The make up of the supreme court will support anything that favors corporations. We're in real trouble.

I do wonder, though, why other "liberal" supremes aren't rushing into retirement with a president loyal sycophants believe is a clever messiah.

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One doesn't need a degree in medical economics to understand that doctors are corrupt with their pricing. The only thing one needs to do is look at his medical bill.--Mr. Dean

I'm a doctor and I'm paid an hourly wage with incentives. While I would say that doctors have done their part in escalating the costs, it's really not in 'the doctors' hands as to how the medical system gets paid--especially with hospital medicine. No matter what the hospital or the doctor charges, much of that is paid by a pro-rated system from both government and insurance companies based on diagnosis and documentation of procedures done. 'Diagnostic Related Groups' (DRG's) has been in affect for over two decades--it went into effect during Reagan's term. So, at a time when the standard line was 'private industry and no government', in medical care, government was getting more involved even to the point of regulating prices.

Now, government probably felt compelled to do something because before DRG's many doctors and hospitals were using the standards offered them by Medicare to make even more money. At that time, hospitals could bill government for things that either didn't get charged or didn't get collected as a sort-of 'end of the year' addition--and many hospitals (and doctors) collected nice sums of money for it. Of course, there was no way to easily tract the billing so government imposed the DRG price-restrictions in their place. Many insurance companies have followed suit--especially the ones that 'complement Medicare' in paying the 20% of the 'allowable charge' that Medicare pays the other 80% for.

I have no earthly idea why this is being presented as ever having been a 'free market' initiative. Medical care hasn't been that for at least the last five decades--since Medicare and Medicaid were initiated.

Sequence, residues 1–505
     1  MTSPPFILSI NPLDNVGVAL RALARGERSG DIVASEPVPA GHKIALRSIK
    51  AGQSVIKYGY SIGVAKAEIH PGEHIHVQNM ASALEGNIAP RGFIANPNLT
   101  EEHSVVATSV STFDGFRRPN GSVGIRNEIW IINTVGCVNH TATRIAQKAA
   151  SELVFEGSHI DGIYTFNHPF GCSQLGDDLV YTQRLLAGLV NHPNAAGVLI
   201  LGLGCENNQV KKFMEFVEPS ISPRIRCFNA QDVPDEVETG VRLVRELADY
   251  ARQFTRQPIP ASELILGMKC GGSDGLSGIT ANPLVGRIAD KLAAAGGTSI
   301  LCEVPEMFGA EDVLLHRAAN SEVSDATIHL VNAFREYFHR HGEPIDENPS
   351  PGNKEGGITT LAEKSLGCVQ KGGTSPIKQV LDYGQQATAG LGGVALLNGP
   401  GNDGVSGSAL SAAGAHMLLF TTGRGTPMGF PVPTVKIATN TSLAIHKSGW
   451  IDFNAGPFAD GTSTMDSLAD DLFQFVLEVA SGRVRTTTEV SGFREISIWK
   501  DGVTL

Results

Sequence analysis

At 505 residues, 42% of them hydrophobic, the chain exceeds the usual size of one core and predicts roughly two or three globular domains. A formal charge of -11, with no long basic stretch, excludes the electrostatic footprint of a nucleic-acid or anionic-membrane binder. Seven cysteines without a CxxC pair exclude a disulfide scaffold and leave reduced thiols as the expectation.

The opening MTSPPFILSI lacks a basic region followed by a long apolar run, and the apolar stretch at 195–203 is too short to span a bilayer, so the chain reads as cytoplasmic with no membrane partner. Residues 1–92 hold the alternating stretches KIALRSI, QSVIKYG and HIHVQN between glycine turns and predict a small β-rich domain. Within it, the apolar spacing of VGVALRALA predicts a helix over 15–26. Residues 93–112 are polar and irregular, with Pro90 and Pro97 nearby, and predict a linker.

Also, I have no earthly idea what 'the Mayo Clinic' is talking about by 'losing 870 million dollars in Medicare'. Pro-rated payments from Medicare (and Medicaid) have been around since Reagan's Administration--no matter what the facility 'bills', Medicare pays according to the diagnosis made. How that factors into the Mayo Clinic now 'suddenly' losing 870 million dollars 'from Medicare' doesn't seem to account for the fact that that is exactly what Medicare has been doing for almost 30 years--paying what it will pay regardless of what is billed....

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OK, it is a big steaming pile of economic pathology instead of medicine practiced as a healing art. The doctors are overpaid, but have to pay too much for offices, hospital access, insurance, etc., because we are not part of a Single Payer cost/effective system.

If we owned drug research and production instead of renting it from people who take a lot of money as our landlords, we could reduce the price of drugs and have the best pharm arsenal aimed at real health concerns.

Single Payer and getting it unhooked from employment would end the billing mess and eliminate the financial disaster from the medical disaster for patients. This would greatly reduce the costs of lawsuits and free doctors to be doctors. Peer review would be about professional practice and not cya.

In the for profit system, some doctors go for the gold instead of being healers. Some have to protect themselves against financial issues related to corporate and not to real practice. But I don't see them as the real bad guys here. Yeah, they think they are the only ones who had to spend time and money in education, but most PhD's are not paid like they are. Still, most of them like being doctors and hate all the crap in the way of practicing medicine.